Mars," he says. "Something we did looked like a star, so I
called it that. I know our offense is unique, and people are
starting to take notice. We had about 200 college coaches come
visit last year to learn what we're doing."
After his redshirt season Rattay quickly showed that he was the
perfect leader for Crowton's sophisticated passing game. "I
remember in Tim's first scrimmage, he was about to be sacked,
and he turned and fired the ball upfield to an area where he
knew the receiver was going to be open," says Pete Carmichael,
the Bulldogs' quarterbacks coach. "It takes great vision to do
that, and Tim has it. He's also as smart as anyone you'll find
at his position."
The Tech offense requires Rattay to call many of the plays at
the line of scrimmage, a task he completes with hand signals
rather than verbal calls. As he taps his helmet and pads and
waves his hands, he looks more like a third base coach than a
football player. In particular, he's developed a symbiotic
relationship with Edwards, who understands Rattay's intentions
simply by looking at him. "They have a kind of ESP," says Jim
"It comes from hours and hours of work," Tim says. "Over the
summer Troy and I worked out together four days a week. I would
throw it, and he would catch it, over and over again. You get to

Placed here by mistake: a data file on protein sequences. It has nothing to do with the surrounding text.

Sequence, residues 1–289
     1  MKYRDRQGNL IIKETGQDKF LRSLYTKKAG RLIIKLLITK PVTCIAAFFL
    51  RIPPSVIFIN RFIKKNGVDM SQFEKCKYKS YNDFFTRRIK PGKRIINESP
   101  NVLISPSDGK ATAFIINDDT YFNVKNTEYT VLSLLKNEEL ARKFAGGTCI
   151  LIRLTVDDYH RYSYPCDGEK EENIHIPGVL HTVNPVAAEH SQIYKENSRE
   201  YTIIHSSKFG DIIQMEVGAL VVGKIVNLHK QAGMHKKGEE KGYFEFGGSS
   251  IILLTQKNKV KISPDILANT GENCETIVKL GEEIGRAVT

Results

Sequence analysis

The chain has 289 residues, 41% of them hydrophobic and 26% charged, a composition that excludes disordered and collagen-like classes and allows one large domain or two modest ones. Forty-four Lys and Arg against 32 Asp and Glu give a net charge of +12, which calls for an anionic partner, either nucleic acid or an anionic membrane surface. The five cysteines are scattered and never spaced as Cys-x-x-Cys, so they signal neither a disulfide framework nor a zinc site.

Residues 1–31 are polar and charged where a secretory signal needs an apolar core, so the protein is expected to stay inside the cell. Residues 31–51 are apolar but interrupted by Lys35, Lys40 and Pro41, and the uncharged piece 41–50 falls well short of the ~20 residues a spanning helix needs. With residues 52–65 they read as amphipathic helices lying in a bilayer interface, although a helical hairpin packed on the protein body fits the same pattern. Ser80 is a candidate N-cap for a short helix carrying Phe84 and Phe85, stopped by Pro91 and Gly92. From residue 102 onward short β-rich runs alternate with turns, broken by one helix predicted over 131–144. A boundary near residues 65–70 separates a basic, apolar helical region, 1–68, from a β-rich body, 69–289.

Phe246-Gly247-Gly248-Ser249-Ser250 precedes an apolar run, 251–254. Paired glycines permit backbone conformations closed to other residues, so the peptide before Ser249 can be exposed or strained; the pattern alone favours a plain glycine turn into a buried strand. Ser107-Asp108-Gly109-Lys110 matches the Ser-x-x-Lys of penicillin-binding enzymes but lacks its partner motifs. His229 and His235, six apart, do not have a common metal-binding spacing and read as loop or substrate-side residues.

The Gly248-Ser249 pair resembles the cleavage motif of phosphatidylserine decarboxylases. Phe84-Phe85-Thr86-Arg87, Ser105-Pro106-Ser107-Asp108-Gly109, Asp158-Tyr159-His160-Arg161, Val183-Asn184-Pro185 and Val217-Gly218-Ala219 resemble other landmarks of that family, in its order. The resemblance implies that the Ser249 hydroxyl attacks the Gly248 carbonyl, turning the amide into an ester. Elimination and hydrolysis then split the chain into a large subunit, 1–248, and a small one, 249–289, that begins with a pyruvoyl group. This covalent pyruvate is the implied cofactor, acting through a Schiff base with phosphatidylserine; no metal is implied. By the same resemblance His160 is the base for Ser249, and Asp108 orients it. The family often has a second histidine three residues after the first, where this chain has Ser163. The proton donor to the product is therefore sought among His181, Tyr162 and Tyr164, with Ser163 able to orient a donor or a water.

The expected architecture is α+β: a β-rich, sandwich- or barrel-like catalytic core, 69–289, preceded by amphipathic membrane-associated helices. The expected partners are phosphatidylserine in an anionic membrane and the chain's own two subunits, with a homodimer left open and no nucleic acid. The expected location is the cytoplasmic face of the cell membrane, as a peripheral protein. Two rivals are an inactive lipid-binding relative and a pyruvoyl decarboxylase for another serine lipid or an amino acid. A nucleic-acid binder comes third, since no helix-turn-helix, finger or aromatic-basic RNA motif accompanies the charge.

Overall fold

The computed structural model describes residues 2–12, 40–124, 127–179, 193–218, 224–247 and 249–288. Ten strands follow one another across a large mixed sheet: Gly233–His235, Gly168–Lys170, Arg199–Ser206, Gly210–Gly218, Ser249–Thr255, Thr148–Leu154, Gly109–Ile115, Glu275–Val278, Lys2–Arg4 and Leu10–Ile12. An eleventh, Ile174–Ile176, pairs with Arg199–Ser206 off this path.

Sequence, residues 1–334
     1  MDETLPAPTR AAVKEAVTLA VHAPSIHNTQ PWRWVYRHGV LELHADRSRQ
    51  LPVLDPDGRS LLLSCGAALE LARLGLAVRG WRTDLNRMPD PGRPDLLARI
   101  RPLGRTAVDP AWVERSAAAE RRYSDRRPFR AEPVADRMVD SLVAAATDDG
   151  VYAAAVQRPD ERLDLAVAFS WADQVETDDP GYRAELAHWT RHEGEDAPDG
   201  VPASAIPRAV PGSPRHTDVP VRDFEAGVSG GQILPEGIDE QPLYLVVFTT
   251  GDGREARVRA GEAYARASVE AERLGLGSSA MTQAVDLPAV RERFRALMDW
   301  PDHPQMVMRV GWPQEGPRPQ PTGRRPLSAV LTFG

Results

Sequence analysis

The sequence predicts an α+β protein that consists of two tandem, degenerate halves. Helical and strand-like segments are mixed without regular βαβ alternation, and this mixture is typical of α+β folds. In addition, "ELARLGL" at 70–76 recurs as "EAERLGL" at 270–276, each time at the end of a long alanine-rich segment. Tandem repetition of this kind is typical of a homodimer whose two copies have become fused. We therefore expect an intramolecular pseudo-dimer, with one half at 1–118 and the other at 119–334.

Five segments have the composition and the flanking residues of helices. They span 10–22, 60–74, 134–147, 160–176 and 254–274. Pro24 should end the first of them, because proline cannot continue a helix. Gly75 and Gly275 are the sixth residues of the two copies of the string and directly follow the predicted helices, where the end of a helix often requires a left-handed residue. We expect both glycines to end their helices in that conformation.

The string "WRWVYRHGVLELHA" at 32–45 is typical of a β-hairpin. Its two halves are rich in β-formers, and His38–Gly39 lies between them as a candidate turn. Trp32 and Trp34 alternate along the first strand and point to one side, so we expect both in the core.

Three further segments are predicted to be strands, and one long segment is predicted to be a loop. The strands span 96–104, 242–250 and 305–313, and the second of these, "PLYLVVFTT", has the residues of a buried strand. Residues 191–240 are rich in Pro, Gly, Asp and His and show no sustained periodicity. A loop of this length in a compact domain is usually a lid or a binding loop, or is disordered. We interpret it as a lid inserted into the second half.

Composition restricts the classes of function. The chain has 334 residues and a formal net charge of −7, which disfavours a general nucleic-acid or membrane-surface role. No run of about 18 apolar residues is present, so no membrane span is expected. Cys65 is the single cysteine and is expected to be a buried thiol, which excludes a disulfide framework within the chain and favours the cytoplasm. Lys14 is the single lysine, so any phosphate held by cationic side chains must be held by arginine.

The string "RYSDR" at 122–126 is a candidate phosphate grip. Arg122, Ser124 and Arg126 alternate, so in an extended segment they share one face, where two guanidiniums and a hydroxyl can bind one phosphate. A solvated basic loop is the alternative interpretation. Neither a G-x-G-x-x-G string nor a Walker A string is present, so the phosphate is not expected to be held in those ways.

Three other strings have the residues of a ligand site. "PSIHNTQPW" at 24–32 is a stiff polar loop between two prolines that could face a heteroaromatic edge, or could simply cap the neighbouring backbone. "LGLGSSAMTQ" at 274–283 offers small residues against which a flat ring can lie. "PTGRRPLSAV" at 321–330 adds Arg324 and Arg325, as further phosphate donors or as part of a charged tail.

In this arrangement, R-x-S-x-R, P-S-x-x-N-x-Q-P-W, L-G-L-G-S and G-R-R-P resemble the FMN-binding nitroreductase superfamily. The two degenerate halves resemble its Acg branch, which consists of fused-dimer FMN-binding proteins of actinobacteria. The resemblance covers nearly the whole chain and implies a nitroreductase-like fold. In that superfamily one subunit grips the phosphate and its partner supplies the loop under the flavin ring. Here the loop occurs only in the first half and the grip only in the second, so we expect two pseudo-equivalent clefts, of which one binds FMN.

where all you have to do is look at each other to communicate."
Rattay also puts in lots of time off the field. Nearly every
night he studies game tapes at home for two hours, this in
addition to the two hours he spends watching tape before
practice. Rattay shares an apartment with two of his teammates,
and so as not to monopolize the living room, he has moved the
VCR into his bedroom. He falls asleep not to Leno or Letterman
but to videos showing the upcoming opponent's defense. He has
Bulldogs film coordinator Mitchell Wilkens edit the tapes to
highlight blitzes, red-zone fronts and packages used in
third-and-medium and third-and-long situations. On road trips
Tech brings an extra VCR and sets it up in Rattay's hotel room
for late-night viewing. Often Rattay finds something that the
coaches overlooked. And he's devised plays of his own. Against
Nebraska the Bulldogs used one of them, 82-All Slant-R Flat, to
score a touchdown and a two-point conversion.
Rattay, a secondary-education major with a 2.96 grade point
average, is so focused on offensive strategy that he
occasionally grows distracted during classes and begins
diagramming plays in his notebook. "Like five or six pages of
nothing but plays," says roommate Newman. "He does that all the
time. At the table at home he'll just sit and draw up plays.
When there's nothing to do, that's what he's doing. Sometimes I
wonder how we got him down here. He could be starting for any
team in the country, and at a big school he'd be a certain